Sex before sport does not directly hurt athletes’ performance, says study

47
Sex before sport

Sexual activity before competition has been considered as a possible cause for reduced performance since ancient Greece and Rome.

However, a recent study published in Frontiers in Physiology shows that this may not be true. Researchers from University of Florence in Italy, University of Split in Croatia, and Queen Mary University of London conducted the study.

They used meta-analysis to investigate if optimal sport performance could be influenced by a variety of factors including sexual activity before competition.

They collected previous findings from large databases like PubMed/MEDLINE, ISI/Web of Science, the Cochrane Collaboration Database, Cochrane Library, and mined literature using Google Scholar.

Only relevant scientific articles reporting outcomes of athletic performance after sexual activity were considered.

Researchers found that the impact of sexual activity before a sport competition is still unclear, but most studies generally seem to exclude a direct impact of sexual activity on athletic aerobic and strength performance.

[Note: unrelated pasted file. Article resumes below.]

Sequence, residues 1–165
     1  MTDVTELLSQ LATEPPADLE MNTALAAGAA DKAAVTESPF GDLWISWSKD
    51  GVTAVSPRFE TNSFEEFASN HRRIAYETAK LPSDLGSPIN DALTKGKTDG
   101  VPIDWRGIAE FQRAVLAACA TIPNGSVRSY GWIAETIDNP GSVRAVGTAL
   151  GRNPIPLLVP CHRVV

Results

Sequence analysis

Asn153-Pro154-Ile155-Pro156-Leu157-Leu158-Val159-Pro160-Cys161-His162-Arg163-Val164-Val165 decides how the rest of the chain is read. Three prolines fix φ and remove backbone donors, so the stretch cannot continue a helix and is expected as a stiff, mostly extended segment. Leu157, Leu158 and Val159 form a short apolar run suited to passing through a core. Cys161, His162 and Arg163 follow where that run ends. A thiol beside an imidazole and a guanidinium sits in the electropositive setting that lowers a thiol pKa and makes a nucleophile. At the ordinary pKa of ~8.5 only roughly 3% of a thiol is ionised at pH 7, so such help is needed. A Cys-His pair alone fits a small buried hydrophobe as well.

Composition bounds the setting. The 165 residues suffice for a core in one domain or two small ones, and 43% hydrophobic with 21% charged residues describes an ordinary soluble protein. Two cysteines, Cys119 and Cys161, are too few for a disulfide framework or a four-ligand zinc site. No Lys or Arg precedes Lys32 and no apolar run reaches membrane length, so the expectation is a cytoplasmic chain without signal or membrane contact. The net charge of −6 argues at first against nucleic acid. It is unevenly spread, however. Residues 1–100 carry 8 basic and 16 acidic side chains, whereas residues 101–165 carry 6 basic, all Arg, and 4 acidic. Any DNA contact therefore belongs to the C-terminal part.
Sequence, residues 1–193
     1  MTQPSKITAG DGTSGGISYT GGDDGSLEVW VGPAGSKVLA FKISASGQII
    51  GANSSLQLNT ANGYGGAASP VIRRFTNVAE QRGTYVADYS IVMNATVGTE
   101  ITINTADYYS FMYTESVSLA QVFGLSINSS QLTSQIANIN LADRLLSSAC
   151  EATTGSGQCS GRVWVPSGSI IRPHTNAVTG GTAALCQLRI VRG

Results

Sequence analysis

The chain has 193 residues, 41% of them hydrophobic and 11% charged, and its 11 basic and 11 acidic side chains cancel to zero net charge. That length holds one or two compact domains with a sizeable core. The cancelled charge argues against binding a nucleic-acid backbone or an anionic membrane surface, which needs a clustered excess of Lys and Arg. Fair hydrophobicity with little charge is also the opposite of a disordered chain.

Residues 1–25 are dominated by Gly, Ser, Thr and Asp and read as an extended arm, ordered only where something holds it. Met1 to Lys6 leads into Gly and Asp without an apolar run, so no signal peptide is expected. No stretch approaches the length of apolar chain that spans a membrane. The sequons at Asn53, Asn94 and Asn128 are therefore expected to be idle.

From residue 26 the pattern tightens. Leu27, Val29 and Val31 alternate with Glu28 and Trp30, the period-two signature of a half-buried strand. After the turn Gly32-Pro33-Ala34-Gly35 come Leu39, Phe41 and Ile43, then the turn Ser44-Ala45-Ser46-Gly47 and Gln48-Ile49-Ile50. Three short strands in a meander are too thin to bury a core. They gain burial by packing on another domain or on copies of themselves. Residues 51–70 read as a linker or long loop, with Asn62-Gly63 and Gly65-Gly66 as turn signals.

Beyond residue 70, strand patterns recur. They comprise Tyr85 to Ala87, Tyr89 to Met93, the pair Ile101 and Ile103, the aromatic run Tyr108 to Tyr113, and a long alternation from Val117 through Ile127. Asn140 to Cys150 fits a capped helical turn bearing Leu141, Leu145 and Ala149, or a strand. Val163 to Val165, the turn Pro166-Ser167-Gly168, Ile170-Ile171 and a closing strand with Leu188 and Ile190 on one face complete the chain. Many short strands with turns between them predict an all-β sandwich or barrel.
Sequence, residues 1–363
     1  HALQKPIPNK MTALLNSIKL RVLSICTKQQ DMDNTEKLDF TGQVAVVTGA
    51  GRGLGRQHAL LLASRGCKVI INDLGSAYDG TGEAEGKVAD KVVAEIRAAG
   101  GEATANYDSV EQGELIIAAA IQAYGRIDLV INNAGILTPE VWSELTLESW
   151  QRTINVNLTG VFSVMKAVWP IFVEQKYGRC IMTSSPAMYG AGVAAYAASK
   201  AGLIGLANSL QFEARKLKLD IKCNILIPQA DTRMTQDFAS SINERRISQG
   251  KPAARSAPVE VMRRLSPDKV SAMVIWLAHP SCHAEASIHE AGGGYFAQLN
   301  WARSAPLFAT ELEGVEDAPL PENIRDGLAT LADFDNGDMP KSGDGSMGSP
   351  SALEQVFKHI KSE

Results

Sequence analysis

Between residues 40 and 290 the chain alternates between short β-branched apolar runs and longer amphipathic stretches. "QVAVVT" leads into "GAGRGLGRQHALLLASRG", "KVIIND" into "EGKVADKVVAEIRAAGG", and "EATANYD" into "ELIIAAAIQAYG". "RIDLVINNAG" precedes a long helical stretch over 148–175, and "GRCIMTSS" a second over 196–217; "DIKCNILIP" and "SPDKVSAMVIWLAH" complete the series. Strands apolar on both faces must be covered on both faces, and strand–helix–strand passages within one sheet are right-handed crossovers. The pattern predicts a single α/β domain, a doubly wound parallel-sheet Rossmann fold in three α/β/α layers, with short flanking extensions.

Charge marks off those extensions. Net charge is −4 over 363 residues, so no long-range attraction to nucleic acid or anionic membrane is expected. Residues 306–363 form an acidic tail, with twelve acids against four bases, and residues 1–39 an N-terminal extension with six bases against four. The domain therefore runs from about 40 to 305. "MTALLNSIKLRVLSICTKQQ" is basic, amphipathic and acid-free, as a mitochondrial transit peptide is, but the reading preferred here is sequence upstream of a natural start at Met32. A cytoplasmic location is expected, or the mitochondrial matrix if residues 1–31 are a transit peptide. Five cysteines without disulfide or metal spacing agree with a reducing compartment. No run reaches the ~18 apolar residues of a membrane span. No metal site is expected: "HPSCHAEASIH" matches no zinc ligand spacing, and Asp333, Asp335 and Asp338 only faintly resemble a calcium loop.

The most important aspect seems to be the interval between sex and the time of the sports competition.

Sex might affect negatively the performance if the time interval is shorter than 2 hours.

In addition, there are possible negative effects on sport performance from some possible concurrent wrong behaviors such as smoking or alcohol abuse.

Researchers suggest that sexual activity the day before competition does not exert any negative impact on performance. However, future work needs to clarify the effects of sexual activity on competition performance.

Follow Knowridge Science Report on Facebook, Twitter, and LinkedIn.


Citation: Stefani L, et al. (2016). Sexual Activity before Sports Competition: A Systematic Review. Frontiers in Physiology. DOI: 10.3389/fphys.2016.00246.
Figure legend: This Knowridge.com image is for illustrative purposes only.